The cathodoluminescence characteristics of more than 500 white marble samples from known classical quarrying sites and surrounding areas in Greece, Turkey and Italy were analysed to develop a rapid and low-cost method for the characterization of white marbles. In most cases, the observed cathodoluminescence colors, intensity and intensity distribution form a distinct “cathodomicrofacies” which is commonly unique for a given area, quarry or parts of a quarry.
In cases where the cathodomicrofacies is common to more than one quarrying area, the stable isotope signature of the white marbles provides an effective complement to cathodoluminescence, and allows additional distinctions between marbles to be made.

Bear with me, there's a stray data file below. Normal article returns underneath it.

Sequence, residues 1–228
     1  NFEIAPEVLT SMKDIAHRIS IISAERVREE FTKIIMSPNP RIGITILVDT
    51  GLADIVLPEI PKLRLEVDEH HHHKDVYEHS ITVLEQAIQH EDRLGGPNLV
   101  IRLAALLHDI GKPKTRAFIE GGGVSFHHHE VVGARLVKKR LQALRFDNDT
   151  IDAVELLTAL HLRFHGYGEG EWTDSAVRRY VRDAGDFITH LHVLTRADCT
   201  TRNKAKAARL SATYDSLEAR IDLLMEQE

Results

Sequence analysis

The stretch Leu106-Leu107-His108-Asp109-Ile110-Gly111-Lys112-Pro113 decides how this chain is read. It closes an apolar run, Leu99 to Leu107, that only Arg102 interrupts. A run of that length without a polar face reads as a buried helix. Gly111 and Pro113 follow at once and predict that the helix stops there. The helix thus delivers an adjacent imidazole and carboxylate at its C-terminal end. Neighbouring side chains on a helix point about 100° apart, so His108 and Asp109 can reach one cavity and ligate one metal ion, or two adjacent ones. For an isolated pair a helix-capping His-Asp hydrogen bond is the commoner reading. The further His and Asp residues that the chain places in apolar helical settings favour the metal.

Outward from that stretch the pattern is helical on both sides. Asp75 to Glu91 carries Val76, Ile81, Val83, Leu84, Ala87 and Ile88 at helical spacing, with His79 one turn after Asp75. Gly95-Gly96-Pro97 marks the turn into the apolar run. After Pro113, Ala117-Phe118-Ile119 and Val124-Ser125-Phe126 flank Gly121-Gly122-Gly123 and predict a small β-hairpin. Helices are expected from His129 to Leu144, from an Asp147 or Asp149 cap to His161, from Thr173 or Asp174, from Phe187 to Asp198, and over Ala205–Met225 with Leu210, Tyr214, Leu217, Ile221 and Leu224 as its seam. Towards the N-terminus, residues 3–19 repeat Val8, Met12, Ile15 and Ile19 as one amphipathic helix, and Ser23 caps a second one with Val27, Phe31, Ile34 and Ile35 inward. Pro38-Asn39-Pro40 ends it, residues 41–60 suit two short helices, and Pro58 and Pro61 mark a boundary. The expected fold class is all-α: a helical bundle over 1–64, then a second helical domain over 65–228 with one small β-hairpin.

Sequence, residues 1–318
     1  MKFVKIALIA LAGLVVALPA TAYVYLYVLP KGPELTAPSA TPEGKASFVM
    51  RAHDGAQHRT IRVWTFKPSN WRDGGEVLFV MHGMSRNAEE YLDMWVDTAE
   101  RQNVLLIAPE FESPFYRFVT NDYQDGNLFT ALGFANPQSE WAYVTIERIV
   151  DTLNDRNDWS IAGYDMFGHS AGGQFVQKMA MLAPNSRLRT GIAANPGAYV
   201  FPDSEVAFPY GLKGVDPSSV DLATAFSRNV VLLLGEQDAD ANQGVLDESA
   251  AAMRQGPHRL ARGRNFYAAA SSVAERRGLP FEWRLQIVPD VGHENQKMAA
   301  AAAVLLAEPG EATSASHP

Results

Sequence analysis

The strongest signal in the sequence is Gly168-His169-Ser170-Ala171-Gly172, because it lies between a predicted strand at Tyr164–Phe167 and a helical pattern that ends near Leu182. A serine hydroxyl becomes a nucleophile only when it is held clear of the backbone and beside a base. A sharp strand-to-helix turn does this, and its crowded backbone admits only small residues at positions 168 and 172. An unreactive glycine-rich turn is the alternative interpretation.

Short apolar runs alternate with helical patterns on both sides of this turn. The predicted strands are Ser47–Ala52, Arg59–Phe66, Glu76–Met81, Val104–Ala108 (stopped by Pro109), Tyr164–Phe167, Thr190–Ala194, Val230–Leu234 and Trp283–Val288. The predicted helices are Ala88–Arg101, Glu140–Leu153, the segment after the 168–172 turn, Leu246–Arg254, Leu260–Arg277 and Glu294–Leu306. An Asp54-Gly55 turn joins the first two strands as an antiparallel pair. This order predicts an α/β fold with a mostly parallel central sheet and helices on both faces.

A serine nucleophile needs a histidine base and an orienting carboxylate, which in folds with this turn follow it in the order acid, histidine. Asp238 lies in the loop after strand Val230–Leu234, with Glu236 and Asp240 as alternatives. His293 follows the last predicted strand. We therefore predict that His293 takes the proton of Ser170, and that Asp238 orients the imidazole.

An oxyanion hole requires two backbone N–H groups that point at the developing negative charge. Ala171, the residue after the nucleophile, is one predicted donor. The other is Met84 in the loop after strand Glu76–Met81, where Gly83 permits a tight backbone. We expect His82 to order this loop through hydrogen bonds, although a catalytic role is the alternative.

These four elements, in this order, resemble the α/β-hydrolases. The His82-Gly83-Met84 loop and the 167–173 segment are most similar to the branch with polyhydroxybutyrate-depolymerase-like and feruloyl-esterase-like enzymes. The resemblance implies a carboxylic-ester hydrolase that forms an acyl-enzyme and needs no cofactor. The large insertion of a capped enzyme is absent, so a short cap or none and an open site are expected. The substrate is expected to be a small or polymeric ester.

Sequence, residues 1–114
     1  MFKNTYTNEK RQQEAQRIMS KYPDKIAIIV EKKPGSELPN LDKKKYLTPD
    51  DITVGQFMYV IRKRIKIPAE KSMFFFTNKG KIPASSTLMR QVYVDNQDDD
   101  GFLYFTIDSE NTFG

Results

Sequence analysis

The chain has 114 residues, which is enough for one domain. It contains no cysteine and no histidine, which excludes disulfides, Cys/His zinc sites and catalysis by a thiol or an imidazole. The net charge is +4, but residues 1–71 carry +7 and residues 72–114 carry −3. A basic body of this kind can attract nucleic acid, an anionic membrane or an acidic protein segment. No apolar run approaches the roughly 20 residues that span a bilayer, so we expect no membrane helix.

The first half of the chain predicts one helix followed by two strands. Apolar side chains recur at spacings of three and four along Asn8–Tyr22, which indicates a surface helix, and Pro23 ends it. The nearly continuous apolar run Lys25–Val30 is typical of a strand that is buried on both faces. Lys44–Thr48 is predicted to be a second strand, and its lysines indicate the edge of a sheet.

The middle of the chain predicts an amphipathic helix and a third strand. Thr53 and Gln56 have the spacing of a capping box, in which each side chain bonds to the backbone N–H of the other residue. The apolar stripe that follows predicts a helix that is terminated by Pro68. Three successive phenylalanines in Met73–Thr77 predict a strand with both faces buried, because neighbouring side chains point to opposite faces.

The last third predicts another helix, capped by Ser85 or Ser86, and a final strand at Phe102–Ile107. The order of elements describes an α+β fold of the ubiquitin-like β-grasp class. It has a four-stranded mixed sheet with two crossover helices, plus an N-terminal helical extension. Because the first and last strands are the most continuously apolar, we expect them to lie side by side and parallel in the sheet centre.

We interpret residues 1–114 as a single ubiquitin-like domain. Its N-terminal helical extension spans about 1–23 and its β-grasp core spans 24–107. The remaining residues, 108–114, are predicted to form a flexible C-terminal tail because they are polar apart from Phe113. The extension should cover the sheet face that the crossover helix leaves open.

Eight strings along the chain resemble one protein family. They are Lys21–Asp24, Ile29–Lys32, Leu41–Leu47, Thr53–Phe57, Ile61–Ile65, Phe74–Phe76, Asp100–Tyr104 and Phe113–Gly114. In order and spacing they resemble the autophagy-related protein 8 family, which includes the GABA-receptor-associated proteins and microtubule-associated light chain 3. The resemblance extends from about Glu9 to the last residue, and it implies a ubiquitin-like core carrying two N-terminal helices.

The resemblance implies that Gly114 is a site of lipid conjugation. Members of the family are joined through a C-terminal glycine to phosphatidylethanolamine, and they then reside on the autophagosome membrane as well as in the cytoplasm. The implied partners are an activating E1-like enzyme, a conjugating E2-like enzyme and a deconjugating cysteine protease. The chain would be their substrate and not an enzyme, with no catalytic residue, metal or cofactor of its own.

The study of field samples from ancient quarrying areas can identify the source of white marble used for ancient sculptures and buildings. This new approach has been successfully tested on ancient marble sculptures and sarcophaguses from the collection of the Art and History Museum in Geneva.